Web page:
Titan Grinder Project

Behind the scenes of the site's projects and equipment reviews.
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#1: Post by HB »

For the last few years, flat burr grinders like the Mazzer Mini define the pinnacle of equipment for the home espresso aficionado. More recently, conical burr espresso grinders have gained attention. However, no particular grinder model or manufacturer has earned universal acclaim among home baristas, largely because many in this class of grinder are exclusive to cafe environments due to their cost and size.

But we're not going to let a matter of size or money deter our pursuit of exceptional espresso, are we? Team HB is clearing plenty of countertop space and preparing for a caffeine onslaught for this site's most extensive equipment review to-date, sponsored by 1st-line Equipment. Planning of this work has been ongoing since the beginning of 2007, an effort known as the...


UPDATED: Also see these related threads:
PS: Thanks to Dave W from Espresso Parts for help with the TGP graphic!
Dan Kehn

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HB (original poster)

#2: Post by HB (original poster) »

In early January, we began discussing HB projects for 2007. Noting the increased interest in conical grinders and their merits compared to flat burr favorites like the Mazzer Mini and Super Jolly, Dave suggested a top-end conical grinder match up. Looking over the potential contenders, we accepted that today's definition of "top-end conical" sometimes meant a grinder larger and more expensive than those traditionally destined for the home.

It was tempting to scale back the requirement to include only those grinders with home kitchen (under cabinet) friendly dimensions. The list of candidates fitting that description was short, and in the end, we decided to allow some cafe-sized grinders into the mix. Well, once the doors were opened to one Titan grinder, you can guess where it led us. From smallest to largest, the Titan Grinder Project contenders are:
  • Macap MXK: conical 63mm burrs (link)
  • Cimbali Max: conical / flat 64mm burr combo
  • Mazzer Kony: conical 63mm burrs (single phase model, link)
  • Mazzer Robur: conical 71mm burrs (single phase model, link)
The Robur was included in the line up for "shock value" and to answer the implied question, "What am I missing from a more modestly sized home unit, if anything, compared to big commercial grinders in use at the best cafes?" Finally, to provide a comparison against a well known and representative flat burr grinder:
  • Mazzer Super Jolly: flat 64mm burrs (link).
The goal of the Titan Grinder Project is to not only provide information about the grinders themselves, but the quality of grind and differences, if any, in the cup.

Dave, John, Jim and I will receive these grinders on a rotating basis, each evaluation period lasting 3-4 weeks. Our notes will be documented here and at the end of the project, summarized into a single review, including a general guide with bullet points from each reviewer to summarize their personal experience and opinion about the grinder. We're investigating alternative evaluation metrics too, such as particle size analysis. By spreading out the review over multiple testers, we hope to create a more rounded review.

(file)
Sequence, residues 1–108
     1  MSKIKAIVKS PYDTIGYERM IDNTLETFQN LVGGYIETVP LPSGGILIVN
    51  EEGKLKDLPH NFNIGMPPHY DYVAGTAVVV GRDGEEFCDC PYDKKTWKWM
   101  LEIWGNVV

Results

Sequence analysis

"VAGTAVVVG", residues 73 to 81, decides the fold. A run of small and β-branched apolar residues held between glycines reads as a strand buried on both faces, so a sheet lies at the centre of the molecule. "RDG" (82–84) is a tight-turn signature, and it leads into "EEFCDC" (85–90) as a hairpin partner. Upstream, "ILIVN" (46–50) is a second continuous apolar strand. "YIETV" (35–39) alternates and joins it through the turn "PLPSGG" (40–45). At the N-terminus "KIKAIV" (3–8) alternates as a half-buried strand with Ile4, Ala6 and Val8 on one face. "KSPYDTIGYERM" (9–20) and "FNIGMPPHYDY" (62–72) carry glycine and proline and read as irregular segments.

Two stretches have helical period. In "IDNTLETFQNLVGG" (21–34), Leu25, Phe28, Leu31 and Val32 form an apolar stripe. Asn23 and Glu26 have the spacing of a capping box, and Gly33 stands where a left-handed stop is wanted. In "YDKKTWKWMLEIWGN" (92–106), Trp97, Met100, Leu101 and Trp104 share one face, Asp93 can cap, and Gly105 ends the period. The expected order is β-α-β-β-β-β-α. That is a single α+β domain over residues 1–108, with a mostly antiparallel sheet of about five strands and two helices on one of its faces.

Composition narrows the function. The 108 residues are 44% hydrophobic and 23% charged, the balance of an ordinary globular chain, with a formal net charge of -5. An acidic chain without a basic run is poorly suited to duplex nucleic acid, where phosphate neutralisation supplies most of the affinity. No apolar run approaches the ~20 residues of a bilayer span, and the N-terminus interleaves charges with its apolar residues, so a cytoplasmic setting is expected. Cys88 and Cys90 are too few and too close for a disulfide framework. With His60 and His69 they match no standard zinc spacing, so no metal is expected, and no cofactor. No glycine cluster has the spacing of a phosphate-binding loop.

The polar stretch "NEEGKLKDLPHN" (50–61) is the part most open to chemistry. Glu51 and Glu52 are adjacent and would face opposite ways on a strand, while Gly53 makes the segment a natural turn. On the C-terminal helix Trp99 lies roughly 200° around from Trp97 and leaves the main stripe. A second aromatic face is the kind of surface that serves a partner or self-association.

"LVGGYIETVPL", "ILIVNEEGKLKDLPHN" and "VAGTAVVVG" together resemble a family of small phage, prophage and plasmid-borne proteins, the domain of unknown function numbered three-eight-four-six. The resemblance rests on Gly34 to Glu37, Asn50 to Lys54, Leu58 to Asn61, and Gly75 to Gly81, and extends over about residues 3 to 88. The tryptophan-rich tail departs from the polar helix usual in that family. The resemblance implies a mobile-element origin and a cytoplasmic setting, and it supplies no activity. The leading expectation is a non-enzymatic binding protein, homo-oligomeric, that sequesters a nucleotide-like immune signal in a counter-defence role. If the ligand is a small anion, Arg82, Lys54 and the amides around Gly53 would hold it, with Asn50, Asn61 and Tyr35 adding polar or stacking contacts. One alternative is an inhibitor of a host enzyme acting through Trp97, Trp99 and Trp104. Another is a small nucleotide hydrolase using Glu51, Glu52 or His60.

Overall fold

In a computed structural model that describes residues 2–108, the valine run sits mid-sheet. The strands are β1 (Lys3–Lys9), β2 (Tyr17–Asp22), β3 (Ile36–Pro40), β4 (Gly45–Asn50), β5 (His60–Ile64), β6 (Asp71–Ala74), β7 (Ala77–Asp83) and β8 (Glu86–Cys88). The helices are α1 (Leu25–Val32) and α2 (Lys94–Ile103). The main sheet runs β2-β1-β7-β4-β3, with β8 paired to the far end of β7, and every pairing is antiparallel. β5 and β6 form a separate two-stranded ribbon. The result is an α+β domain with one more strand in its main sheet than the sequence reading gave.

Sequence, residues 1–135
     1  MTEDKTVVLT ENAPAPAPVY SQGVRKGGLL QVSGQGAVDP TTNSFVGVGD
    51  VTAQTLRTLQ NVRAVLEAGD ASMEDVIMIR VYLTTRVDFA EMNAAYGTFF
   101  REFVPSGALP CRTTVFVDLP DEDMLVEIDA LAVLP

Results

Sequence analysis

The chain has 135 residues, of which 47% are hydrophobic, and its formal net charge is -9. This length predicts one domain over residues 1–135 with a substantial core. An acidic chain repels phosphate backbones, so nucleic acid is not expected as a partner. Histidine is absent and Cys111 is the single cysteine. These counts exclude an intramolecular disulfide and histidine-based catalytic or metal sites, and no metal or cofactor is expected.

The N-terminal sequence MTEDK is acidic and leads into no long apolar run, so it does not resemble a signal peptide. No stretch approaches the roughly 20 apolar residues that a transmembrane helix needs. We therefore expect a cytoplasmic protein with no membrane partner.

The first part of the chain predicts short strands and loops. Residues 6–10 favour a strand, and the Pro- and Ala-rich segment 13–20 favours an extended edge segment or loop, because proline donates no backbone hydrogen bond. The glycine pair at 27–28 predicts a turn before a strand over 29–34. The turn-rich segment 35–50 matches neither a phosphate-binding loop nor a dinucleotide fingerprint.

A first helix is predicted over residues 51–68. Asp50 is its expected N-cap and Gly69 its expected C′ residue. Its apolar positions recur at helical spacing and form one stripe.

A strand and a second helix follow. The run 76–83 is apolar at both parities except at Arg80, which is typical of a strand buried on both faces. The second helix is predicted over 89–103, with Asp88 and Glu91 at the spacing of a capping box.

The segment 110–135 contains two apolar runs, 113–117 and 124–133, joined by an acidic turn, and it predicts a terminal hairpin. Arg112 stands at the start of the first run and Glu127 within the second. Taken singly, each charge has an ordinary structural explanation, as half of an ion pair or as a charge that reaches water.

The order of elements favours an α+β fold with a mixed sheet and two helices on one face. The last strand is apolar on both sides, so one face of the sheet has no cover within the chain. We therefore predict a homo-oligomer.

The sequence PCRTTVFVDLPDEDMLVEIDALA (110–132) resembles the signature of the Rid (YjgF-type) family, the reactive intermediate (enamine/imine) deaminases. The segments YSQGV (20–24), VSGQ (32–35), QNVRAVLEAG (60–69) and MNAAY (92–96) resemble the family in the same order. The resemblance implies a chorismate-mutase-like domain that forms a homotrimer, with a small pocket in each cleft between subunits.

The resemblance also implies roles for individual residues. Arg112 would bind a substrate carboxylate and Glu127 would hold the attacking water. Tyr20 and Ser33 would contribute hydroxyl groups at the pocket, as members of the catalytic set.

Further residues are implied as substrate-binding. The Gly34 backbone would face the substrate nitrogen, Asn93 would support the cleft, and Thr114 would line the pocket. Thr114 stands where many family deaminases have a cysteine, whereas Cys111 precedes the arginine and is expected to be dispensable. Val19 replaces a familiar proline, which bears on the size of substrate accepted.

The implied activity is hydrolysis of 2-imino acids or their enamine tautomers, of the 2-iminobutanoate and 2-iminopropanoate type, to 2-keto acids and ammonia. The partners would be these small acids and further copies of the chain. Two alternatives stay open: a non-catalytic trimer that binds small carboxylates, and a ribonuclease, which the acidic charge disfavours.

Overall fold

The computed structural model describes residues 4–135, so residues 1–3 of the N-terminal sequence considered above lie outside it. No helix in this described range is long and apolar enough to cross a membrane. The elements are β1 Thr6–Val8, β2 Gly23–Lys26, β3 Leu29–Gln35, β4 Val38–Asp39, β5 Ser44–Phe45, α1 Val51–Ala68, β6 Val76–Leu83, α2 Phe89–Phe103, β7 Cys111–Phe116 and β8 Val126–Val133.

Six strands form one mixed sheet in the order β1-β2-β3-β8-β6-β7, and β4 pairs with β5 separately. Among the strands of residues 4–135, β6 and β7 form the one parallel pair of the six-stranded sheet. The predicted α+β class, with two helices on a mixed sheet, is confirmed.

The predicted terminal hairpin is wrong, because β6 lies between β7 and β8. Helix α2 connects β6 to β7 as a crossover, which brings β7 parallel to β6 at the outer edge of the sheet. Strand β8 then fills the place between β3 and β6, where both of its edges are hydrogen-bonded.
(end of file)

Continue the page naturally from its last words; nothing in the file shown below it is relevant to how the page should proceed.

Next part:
Because of the logistics of this grinder roadtrip, we plan to ship paired grinders to the participants rather than try to get all grinders at one time to each. The pairs are intentionally chosen to demonstrate (or not?) key differences. Specifically:
  • The Extremes: Mazzer Super Jolly versus Mazzer Robur
  • The Contenders: Macap MXK versus Mazzer Kony
  • The Hybrid: Cimbali Max versus one of the first round contenders above.
This list will likely change as the evaluation progresses. More details to follow...
Dan Kehn

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Team HB

#3: Post by cannonfodder »

The Mazzer twins arrived safe and sound. I can remember when I was this excited, maybe Christmas long ago when I was a child. The packing is sturdy but simple.

A few quick photos and notes.

How big is a Kony? Big, very big. I hate to say it, but almost too big for me. Here is a photo of it sitting on the floor with my 7 year old son standing beside it for reference. It is substantially larger than the Super Jolly and makes the Mini, well, look mini.

Mazzer lists the Kony's dimensions (with the hopper and catch tray) at 9 ½ inches wide, 16 ½ inches deep and 25 ½ inches tall.

As much as I hate to admit it, I am having mixed feelings about the Kony. I don't care for how the doser feels. Maybe it is just stiff from being new, but I prefer the feel and large horizontal handle on my Cimbali Jr over the handle on the Kony. It feels small in comparison to the grinders size. The doser and handle are the standard size Mazzer uses on all their grinders. The switch is a little clunky but that may just be an issue of getting use to it. Again, I like the power switch on my Cimbali better. It is under the doser and you can hit it with your thumb as you dose. With the Kony, you have to let go of the doser handle and twist the power switch.